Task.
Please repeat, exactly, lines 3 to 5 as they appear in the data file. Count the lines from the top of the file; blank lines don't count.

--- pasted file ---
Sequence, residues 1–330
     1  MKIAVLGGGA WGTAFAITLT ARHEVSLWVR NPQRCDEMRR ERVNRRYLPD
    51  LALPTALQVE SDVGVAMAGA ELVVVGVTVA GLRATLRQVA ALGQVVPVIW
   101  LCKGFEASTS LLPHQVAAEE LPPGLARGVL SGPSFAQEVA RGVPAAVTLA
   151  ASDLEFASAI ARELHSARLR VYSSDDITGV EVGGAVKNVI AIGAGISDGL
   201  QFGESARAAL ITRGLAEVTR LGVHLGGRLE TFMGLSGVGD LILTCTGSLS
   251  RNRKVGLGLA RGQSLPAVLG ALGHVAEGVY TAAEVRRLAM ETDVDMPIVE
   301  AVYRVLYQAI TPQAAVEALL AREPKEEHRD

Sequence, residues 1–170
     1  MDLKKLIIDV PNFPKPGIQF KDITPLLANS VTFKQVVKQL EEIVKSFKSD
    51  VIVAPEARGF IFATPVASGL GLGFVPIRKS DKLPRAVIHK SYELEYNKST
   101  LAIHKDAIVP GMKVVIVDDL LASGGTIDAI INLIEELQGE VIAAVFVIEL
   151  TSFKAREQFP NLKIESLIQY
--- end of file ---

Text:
    51  LALPTALQVE SDVGVAMAGA ELVVVGVTVA GLRATLRQVA ALGQVVPVIW
   101  LCKGFEASTS LLPHQVAAEE LPPGLARGVL SGPSFAQEVA RGVPAAVTLA
   151  ASDLEFASAI ARELHSARLR VYSSDDITGV EVGGAVKNVI AIGAGISDGL